What’s wrong with this picture? Well, rather a lot. But it hinges, as ever, in this series, on one particular thread.
1998’s MASK OF ZORRO was a triumph. It felt like a new Indiana Jones (apt as Spielberg produced it and leading man Antonio Banderas is now on supporting cast duties in the 5th ‘Indy’ adventure). Sequels were inevitable, given a warm critical reception and solid commercial success to that first outing.
Quite why they waited SEVEN YEARS to make another one? Dunno. But it most certainly was not in the bid to craft the perfect story /plot. Because for some bizarre reason, 2005’s LEGEND OF ZORRO hinges on the conceit that Mrs Zorro (Catherine Zeta Jones; lovely as always) must ‘divorce’ Mr Zorro (Banderas: committed to the role and brilliant).
The contrived reason for the divorce charade? Brace yourselves. The Pinkerton detective agency has deduced Zorro’s identity and they therefore blackmail his wife into leaving him so that she can seduce a new baddie on the block (Rufus Sewell: so underused and underrated on film it’s a crime).
I know. A 12 year old could come up with a better pitch, surely? And this movie includes a kid who can probably do so. (I honestly do not mind them using Zorro Junior, but given that there was no third film, the family setup and torch passing now seem redundant add-ons. ‘My pappy is gonna kick yer..’. Etc. ).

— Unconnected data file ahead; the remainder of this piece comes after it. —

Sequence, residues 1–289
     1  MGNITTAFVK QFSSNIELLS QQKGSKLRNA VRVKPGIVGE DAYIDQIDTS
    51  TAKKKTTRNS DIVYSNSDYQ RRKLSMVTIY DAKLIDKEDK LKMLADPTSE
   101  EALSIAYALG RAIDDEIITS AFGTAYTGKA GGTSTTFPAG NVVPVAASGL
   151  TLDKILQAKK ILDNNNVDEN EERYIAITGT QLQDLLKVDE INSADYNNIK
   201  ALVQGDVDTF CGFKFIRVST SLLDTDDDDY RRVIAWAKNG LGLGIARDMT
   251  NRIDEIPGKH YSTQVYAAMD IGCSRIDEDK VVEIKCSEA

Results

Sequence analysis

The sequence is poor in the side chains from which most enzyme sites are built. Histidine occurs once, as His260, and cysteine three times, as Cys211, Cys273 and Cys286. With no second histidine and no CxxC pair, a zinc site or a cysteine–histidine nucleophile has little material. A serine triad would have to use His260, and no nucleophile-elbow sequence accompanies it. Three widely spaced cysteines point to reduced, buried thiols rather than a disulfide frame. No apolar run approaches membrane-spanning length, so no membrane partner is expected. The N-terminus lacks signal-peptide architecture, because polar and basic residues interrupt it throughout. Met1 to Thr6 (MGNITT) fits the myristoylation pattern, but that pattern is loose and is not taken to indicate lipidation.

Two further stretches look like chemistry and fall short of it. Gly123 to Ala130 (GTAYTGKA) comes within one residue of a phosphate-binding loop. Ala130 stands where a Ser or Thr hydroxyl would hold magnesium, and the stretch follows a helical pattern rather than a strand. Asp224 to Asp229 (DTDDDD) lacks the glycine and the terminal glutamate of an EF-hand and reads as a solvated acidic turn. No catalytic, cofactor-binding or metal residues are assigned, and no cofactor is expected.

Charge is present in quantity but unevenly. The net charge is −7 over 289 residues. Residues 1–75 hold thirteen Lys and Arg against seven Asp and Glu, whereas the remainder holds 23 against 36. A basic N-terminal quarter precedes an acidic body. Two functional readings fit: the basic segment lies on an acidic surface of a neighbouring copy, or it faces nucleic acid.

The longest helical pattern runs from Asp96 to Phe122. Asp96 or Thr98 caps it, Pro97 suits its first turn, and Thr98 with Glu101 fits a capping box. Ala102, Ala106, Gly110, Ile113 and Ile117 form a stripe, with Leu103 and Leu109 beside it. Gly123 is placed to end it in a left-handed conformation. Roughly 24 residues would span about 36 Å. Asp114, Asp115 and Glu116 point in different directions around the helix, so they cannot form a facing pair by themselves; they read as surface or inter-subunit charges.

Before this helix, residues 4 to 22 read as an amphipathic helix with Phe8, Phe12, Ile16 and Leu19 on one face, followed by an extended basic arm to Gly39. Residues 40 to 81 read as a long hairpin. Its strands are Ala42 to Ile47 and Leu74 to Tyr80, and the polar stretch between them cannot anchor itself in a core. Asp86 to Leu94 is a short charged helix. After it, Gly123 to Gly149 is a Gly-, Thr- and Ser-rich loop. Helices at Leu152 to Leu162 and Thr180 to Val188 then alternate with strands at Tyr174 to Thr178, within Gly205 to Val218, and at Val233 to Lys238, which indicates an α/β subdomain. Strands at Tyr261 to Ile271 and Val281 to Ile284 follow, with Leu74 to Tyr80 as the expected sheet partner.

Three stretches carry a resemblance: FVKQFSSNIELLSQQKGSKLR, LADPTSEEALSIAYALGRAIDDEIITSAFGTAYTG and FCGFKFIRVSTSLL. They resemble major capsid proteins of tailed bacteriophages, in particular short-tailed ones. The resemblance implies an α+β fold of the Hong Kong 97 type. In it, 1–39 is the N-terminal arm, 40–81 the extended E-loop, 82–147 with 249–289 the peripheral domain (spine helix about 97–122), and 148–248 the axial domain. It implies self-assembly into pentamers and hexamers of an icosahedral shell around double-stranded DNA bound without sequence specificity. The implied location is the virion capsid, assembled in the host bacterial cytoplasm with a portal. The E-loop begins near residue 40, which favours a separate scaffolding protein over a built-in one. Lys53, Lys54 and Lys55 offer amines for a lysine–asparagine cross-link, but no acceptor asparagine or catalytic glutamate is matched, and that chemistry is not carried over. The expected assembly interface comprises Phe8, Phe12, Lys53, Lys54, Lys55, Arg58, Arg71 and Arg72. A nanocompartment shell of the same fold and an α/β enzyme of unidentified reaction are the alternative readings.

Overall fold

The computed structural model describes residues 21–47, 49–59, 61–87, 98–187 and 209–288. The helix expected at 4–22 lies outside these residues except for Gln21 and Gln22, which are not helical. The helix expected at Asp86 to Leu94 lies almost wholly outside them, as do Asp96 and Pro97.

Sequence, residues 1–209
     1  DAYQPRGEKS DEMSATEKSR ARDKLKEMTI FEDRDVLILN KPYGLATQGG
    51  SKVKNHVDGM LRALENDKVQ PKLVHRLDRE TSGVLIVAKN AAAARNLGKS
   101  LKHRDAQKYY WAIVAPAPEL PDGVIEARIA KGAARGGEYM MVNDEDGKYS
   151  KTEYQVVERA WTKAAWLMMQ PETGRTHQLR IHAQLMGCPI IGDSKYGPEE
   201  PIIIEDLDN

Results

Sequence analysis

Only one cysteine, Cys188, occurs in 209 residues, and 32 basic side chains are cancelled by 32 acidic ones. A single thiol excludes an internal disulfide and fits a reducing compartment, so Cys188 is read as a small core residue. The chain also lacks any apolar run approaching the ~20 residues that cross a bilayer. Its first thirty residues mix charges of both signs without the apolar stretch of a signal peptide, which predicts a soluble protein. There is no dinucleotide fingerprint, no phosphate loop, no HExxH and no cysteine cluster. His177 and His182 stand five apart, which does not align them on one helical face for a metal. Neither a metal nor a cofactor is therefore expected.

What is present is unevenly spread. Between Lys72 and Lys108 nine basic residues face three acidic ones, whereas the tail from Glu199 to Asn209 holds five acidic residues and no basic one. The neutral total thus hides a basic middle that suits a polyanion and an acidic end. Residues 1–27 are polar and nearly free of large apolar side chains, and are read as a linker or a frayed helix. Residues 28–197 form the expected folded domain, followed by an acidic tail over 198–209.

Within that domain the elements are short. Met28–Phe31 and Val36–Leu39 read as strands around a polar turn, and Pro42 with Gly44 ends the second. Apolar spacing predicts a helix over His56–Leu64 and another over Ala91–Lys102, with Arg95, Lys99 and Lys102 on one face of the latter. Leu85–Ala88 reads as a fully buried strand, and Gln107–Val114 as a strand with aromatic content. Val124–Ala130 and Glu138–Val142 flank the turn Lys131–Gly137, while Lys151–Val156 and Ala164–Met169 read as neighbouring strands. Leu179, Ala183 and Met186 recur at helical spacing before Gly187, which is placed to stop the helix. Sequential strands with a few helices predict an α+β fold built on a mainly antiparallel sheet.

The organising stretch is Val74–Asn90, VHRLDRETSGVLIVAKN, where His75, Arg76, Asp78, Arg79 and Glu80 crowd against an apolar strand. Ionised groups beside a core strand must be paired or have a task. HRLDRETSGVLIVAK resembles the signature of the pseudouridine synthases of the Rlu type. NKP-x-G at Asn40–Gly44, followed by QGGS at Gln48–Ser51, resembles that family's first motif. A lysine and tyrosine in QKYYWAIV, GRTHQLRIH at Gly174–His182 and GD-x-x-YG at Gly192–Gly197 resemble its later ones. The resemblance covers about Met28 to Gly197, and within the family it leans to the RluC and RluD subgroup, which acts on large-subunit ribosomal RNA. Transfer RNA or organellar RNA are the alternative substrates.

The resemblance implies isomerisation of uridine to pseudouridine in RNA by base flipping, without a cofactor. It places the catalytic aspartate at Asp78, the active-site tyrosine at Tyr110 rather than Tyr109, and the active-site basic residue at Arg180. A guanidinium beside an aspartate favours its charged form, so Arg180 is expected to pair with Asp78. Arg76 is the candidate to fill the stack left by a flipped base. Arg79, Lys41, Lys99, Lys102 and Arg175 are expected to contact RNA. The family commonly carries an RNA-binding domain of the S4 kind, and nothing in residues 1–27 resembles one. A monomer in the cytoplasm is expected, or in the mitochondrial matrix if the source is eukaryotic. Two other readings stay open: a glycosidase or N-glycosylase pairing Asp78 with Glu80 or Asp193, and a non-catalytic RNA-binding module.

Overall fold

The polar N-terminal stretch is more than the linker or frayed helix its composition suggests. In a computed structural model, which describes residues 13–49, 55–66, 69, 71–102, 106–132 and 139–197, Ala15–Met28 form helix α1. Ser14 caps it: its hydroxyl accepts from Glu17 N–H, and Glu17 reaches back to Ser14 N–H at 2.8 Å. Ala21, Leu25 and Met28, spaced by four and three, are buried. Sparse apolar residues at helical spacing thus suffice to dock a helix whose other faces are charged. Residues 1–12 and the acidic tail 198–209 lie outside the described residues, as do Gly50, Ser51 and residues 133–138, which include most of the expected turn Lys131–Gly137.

Terrible shame. Because some genuine thought clearly went into researching the history of the period in which the film is set. There is in that sense a kind of continuity to the first film and some respect for the ‘legend’ of the title. The villain’s plan is genuinely epic and Bond movie worthy (notice director, Martin Campbell, helmed GOLDENEYE and CASINO ROYALE). There is some solid action. A few laughs and thrills. Zorro was so close to perfecting the second, difficult album.
But that whole ‘divorce’ angle ruins everything. Seriously. It sours the entire film. In part because the logic deployed surely would have allowed Pinkertons and Mrs Zorro to simply ASK Zorro to go along with their plan? There was little to any need for the subterfuge.
And in any event, if this is a script into which historical research has been invested (so it would seem, anyway)..are we absolutely SURE that ‘divorce’ even existed in the strictest sense, back then? Presumably, also, Zorro is a strict Catholic, too? So divorce a no-no?!
Anyway, Antonio/Zorro/De La Vega ‘buys’ into his wife’s deception? Or does he? It’s THAT badly executed one is never quite sure. He even goes through the paces of winning her back to reignite a chemistry and courtship that worked in part 1 but did not need a retread as filler for its own sake. I
t’s tragic because the movie wants viewers to invest, enjoy, and feel the kind of emotional, comedic and romantic pull that defined the preceding adventure. EPIC FAIL. ON EVERY LEVEL. And that is mostly, no almost entirely, down to ONE point in the film’s foundations: the ‘divorce’ thing, imho. Had I mentioned that yet? 😉
There was of course no ZORRO 3 in this continuity. Though a DJANGO MEETS ZORRO movie was mooted and would have rocked as Tarantino’s nod to franchise filmmaking after his knock backs on Star Trek and 007?
Fede Alvarez is said to be in charge of a new reboot at Sony, with an origin story based on Zorro’s first pulp volume appearance: Johnston McCulley’s The Curse of Capistrano. More news on that when we have it. Meanwhile, I am off to rehearse my sword fighting, medallion swinging and flamenco dancing.
Post script: For a definitive Zorro retrospective, try MIDNIGHT’S EDGE on YouTube.